Your Vagina - Where wet meets wild
“The mechanical sciences are among the noblest and most useful because their capacity for diversion allows bodies in motion to perform the work for which they were developed”. A statement made by Leonardo Di Vinci which can be applied in a sexual context to help understand the vagina. Hypothetically, a vagina can be analysed as a complex mechanical system with the ability to lubricate (in different ways, shapes and forms) in response to conscious and subconscious prompts. Yes, that means your spirit fingers may not be the only reason she’s dripping wet. There’s a lot more you should know about the vagina and her behaviour.
WHERE DOES VAGINAL FLUID COME FROM?
Remember, no two vaginas are the same. Overall how wet you become depends on several factors, including: hormones, age, medication, mental health, relationship factors, perspiration and sweat glands, stress, the type of clothing you wear, hyperhidrosis (excessive sweating) and infections. Here are the key players, working round the clock to make sure lubricated to perfection;
Bartholin Glands – Two small glands located on either side of the vaginal opening that make a fluid during sexual activity, as well as maintaining lubrication to prevent excessive dryness and tearing. It is common that when these glands are activated moisture can exit and lubricate the vaginal opening making contact more pleasurable.
Skene Glands – The female prostate are a few centimetres up inside the vagina on the side closest to a woman’s stomach. When stimulated these glands are thought to be responsible for the production of watery substance and female ejaculation, or squirting. Nothing good comes easy, so you’ll have to do some researching before trying to squirt!
The Cervix – Hormones produced throughout the menstrual cycle cause the cervix to discharge a fluid or gel-like mucus. Depending on the stage of the cycle; during, before or after period or ovulation the thickness, amount and consistency may vary.
WHY DO WOMEN GET WET?
At one time or another I’m sure you’ve heard, or heard of someone saying, “Wow, you’re dripping wet!”. What less likely is the awareness that “getting wet” doesn’t necessarily relate to being ridiculously “turned on” or horny. In fact, it’s quite possible (and normal) not to be super wet before sex. "The best indicator of whether or not you're aroused is whether you feel like you're aroused, not necessarily whether or not you're wet," says sexologist Celeste Holbrook, PhD. If your body doesn’t respond as quickly as others try extending your foreplay or reaching for some lube, it’s cool, sexy and totally normal! Here are the main reasons why women may “get wet”;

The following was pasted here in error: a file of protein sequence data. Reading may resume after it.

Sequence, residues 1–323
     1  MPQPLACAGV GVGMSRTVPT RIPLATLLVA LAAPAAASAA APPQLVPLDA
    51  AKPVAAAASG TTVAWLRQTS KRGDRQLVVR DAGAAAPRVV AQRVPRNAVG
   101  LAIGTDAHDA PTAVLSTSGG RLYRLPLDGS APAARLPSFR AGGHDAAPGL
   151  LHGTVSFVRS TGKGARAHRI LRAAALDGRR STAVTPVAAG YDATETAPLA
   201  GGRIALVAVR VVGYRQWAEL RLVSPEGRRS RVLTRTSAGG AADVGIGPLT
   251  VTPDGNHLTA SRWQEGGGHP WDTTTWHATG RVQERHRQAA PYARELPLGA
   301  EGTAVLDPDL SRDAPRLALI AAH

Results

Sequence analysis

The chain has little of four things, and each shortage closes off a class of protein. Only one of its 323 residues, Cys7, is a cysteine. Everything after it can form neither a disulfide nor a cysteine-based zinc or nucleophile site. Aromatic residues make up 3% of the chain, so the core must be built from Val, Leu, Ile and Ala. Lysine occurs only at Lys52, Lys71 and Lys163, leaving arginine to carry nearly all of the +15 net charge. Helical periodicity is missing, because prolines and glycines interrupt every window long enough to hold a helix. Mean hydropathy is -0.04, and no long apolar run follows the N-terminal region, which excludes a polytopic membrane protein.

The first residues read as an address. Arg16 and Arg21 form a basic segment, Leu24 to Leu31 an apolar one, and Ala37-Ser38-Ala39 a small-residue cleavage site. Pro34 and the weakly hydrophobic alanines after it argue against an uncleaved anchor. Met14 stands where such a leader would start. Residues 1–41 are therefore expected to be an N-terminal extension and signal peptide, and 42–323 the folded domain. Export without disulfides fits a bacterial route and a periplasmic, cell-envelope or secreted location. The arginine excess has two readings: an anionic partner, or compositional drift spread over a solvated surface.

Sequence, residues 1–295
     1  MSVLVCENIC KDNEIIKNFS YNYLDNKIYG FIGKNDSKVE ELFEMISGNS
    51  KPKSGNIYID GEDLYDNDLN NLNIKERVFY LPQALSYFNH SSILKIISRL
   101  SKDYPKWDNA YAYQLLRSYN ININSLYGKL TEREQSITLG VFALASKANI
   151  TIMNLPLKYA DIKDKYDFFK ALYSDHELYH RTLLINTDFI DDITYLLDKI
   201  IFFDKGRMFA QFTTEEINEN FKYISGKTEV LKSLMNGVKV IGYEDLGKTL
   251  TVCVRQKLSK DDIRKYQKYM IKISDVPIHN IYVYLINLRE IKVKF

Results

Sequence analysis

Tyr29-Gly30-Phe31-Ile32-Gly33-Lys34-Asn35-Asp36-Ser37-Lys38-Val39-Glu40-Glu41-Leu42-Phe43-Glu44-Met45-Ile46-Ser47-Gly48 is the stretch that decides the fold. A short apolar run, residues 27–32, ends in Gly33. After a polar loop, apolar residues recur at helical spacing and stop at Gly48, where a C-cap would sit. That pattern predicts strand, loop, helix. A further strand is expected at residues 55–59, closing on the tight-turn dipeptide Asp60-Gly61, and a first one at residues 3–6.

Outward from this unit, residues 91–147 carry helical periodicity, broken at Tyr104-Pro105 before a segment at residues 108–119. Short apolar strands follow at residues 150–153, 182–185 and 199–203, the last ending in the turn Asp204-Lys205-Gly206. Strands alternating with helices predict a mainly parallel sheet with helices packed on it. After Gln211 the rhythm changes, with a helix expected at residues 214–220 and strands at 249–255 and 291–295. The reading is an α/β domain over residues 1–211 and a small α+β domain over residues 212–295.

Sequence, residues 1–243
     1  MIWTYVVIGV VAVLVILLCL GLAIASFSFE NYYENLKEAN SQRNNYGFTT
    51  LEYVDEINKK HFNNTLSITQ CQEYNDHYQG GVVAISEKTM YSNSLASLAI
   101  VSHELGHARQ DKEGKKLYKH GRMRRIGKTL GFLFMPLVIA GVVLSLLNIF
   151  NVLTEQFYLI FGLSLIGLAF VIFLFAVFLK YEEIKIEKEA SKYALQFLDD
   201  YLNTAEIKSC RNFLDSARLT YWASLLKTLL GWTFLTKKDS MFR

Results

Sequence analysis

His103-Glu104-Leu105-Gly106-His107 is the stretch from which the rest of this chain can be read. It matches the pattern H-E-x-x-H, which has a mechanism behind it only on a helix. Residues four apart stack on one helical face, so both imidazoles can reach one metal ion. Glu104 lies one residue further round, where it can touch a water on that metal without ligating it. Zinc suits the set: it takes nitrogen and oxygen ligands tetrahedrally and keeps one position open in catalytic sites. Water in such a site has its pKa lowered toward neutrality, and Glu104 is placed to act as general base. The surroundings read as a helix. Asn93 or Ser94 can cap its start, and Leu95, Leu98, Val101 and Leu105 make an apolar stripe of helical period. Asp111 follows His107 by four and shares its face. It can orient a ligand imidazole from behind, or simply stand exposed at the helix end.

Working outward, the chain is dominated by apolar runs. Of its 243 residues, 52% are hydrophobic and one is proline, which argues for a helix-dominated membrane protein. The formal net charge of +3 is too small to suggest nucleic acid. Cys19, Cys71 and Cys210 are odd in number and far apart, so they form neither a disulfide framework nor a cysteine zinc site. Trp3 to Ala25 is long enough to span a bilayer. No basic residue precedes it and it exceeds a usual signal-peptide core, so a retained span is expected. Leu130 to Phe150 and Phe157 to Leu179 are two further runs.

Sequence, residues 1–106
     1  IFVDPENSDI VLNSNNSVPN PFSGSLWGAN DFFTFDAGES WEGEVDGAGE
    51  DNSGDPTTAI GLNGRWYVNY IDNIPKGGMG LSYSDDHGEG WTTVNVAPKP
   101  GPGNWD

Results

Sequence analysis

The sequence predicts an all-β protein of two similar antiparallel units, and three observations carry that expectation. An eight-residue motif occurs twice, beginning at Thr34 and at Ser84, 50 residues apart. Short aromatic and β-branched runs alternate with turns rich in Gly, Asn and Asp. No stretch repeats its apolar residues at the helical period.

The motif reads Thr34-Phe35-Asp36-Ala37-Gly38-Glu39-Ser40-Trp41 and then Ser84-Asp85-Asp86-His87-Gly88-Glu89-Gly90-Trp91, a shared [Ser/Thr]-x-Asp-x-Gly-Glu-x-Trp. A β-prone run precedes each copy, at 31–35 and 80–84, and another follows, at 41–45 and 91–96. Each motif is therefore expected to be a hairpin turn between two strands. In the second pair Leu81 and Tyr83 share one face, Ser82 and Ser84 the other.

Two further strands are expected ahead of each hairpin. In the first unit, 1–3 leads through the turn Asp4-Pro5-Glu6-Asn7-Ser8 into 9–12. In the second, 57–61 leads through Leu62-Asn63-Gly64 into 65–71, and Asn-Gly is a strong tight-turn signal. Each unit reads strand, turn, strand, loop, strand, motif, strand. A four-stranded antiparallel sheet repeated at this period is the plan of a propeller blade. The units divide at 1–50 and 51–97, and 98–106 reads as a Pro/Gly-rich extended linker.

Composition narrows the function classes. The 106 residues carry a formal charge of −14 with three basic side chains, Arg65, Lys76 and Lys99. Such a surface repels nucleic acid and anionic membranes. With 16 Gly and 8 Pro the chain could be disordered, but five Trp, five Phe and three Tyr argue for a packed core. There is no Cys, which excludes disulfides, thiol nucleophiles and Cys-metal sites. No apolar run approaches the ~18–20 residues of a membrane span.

Maintenance – A normal healthy vagina produces about 1 to 4ml of vaginal fluid a day, maintaining a level of moisture enough to reduce any friction which may result in irritation and aggravation within as well as “flushing out” any bad bits. Any excess moisture will find its way out in the form of vaginal discharge. Information on different types of vaginal discharge and what they mean be sure to read The Ultimate Color Guide to Vaginal Discharge.
Sexual Arousal – Both mental and physical alike get the Bartholin and Skene Glands working overtime. The goal is to produce enough lubrication for you to sit back and enjoy the good bits without worrying about painful friction and injuries. Subconscious reactions resulting from exposure to erotic material like adult imagery or provocative behaviour might cause your body to start preparing in anticipation of sexual activity, which is all part of being human. This should not be interpreted in any way, shape or form as consent “no” means “no” regardless of how your body acts.
Hormonal Changes – Increased Estrogen levels and use of hormone replacement therapy can both cause irregular activation of the Bartholin glands and production of excess fluid. It’s recommended and safer exploring with lube into the bedroom before pursuing these paths to increase wetness.
Infections – Most types of infections lead to irregular amounts and colors of vaginal discharge. Some of the more common include; yeast infections, bacterial vaginosis, sexually transmitted infections (STI’s) and Bartholin Cysts. If you think something is out of the ordinary make sure you seek appropriate medical attention, it’s always better to be safe.